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Town P&Z Commission Recommends Senior Housing, Turns Down Townhouses

Vic Bradshaw
Frederick News Post - (8/27/2003)

The town’s planning and zoning commission opened its arms to a senior housing complex Monday night and declared a potential townhouse development unwelcome.

At its meeting in the conference room of the Sleep Inn, the planning panel voted to recommend conditional approval to a rezoning request that allows Bollinger Properties LLC to build 48 senior housing units in the town. However, it then voted to recommend the denial of a rezoning bid that would have allowed the developers of Brookfield subdivision to build multi-family dwellings on about 9.9 acres.

Those unanimous rezoning recommendations will be passed on to the town’s board of commissioners when and if their final approval is sought. The earliest the commissioners could face the requests is October.

At the town’s request, Josh Bollinger of Bollinger Properties agreed to postpone a decision on his request to have 20.3 acres of his partnership’s property annexed. Mayor Jim Hoover said afterward that the town wants to get a legal opinion related to the matter before making a decision. The request to rezone 10.8 acres in the Brookfield subdivision caused the most confusion and drew the most opposition.

Part of the confusion was over the zoning of two parcels totaling 2.8 acres. Town records and zoning maps show different classification of business zoning for the tracts, and one allows a broader array of uses than the other. The other discrepancy was in estimates of the number of units that could be built at the site. Because of the presence of a stormwater management pond on the lot, Jim Gugel, planner for Frederick County, estimated that about 25 townhouses would be the maximum yield.

But Krista McGowan, speaking for RJD Development Corp., said the company hoped it could build as many as 52 units on the site. Because engineering work hadn’t been done, a more precise number wasn’t available.

Ms. McGowan claimed that the high-density housing would be a "nice buffer" between the low-density housing in other parts of the Brookfield development and the commercial district along Emmitsburg’s Main Street.

Opponents, however, saw little "nice" about the townhouses. They questioned estimates of the number of students who would live there and doubted the veracity of statistics provided by Frederick County Public Schools. They claim Emmitsburg Elementary is overcrowded even though the school system’s data said its 17 percent under capacity.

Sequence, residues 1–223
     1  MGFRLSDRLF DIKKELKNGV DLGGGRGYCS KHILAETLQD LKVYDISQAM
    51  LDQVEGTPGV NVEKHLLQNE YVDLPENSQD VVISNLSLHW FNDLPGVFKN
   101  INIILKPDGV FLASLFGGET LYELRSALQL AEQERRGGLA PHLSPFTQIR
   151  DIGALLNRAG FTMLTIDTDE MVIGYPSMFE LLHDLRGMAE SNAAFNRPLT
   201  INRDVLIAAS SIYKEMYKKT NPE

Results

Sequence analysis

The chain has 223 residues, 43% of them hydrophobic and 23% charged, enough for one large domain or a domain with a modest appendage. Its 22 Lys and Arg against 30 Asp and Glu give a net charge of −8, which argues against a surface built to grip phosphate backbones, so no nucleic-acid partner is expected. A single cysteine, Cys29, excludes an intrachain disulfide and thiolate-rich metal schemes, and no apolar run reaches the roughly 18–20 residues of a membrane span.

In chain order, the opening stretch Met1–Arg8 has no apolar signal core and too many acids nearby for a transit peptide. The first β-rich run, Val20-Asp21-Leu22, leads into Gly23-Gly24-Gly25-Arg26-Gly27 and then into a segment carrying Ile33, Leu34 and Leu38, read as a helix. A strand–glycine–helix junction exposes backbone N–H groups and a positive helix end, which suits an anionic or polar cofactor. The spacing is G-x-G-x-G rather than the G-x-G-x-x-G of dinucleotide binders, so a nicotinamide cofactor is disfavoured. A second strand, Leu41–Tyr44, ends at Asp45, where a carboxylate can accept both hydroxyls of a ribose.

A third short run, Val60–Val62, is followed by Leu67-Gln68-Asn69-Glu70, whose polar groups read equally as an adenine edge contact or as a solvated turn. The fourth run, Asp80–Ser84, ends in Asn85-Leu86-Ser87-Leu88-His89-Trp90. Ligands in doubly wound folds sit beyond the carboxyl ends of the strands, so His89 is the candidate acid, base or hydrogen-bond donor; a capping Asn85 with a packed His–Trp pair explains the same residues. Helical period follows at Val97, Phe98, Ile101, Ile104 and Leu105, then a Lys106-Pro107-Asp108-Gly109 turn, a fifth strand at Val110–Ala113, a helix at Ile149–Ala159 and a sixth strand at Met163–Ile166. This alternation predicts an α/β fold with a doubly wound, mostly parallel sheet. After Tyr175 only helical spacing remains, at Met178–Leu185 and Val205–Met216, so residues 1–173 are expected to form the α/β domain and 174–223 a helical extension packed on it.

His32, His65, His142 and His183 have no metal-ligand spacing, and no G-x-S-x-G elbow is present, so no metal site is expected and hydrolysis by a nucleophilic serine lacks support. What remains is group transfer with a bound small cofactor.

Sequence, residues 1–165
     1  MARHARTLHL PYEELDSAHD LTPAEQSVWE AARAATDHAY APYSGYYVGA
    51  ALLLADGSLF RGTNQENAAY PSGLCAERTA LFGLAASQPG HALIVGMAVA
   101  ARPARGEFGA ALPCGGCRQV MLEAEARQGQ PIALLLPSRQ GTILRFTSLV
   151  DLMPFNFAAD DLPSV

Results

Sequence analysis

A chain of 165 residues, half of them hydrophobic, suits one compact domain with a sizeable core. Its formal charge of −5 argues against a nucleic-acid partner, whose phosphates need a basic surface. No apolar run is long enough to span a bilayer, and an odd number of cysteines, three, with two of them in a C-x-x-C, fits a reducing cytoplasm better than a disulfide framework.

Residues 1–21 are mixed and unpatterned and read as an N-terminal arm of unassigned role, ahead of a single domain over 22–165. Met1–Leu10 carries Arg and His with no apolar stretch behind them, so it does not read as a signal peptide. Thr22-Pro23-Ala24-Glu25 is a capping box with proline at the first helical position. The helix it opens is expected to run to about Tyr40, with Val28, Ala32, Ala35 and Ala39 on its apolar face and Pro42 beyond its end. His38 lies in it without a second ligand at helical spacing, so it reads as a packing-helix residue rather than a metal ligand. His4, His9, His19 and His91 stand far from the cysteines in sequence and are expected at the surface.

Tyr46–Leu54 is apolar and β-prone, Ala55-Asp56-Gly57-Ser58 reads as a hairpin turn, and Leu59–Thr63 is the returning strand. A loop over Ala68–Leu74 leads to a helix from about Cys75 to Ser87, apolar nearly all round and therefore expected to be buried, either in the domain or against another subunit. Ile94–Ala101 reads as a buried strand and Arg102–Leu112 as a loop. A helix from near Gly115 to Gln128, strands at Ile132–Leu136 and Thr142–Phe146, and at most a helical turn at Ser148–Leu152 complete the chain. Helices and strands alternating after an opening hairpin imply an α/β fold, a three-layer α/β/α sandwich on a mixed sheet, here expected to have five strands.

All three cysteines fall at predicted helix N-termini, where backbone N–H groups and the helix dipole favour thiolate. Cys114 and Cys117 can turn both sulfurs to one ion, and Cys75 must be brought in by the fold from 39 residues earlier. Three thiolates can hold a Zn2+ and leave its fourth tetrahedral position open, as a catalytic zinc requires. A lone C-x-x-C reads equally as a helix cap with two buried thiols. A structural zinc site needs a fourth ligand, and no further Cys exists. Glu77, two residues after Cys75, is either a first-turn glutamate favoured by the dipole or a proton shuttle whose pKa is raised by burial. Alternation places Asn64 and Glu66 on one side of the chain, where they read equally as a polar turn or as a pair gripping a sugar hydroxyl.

They also asked whether extra water the town is counting on from a new well is coming from a new source or drawing from a resource that’s already tapped.

Bill O’Neil Jr. said the town should stop building for now so quality of life could be ensured for existing residents.

"We are building and building and building," he said. "We’ve had development. We’ve done our share."

Diane Walbrecker attacked the staff report conclusion that the area around the Brookfield tract had changed enough to allow the rezoning. She said the area had changed only because of other rezonings and that the cycle could continue indefinitely.

"Pretty soon all our neighborhoods are going to look like this," she said. "It’s time to stop."

Don Briggs, one of the planning commission members, said the tracts represent the last undeveloped commercial lots on the rapidly developing west side of town. He said he thought commercial property is needed there. Citing uncertainty over how many units can be developed and the need to retain commercial property on the west side of town, the commission voted against recommending the rezoning.

Richard Demmit, president of RJD Development, wouldn’t answer questions about the outcome immediately after the meeting and didn’t return a phone call Tuesday afternoon.

Before the Brookfield decision was made, the rezoning of Bollinger Properties’ 8.9 acres from low-density to high-density residential drew mixed response. Opponents cited traffic and sewer-capacity concerns, while supporters trumpeted the fact that the development shouldn’t lead to increased school enrollments.

The approval recommendation came with conditions attached. Among them are the stipulations that the development is limited to people age 55 and over and that at least an emergency access road is to be built from North Avenue to the complex.

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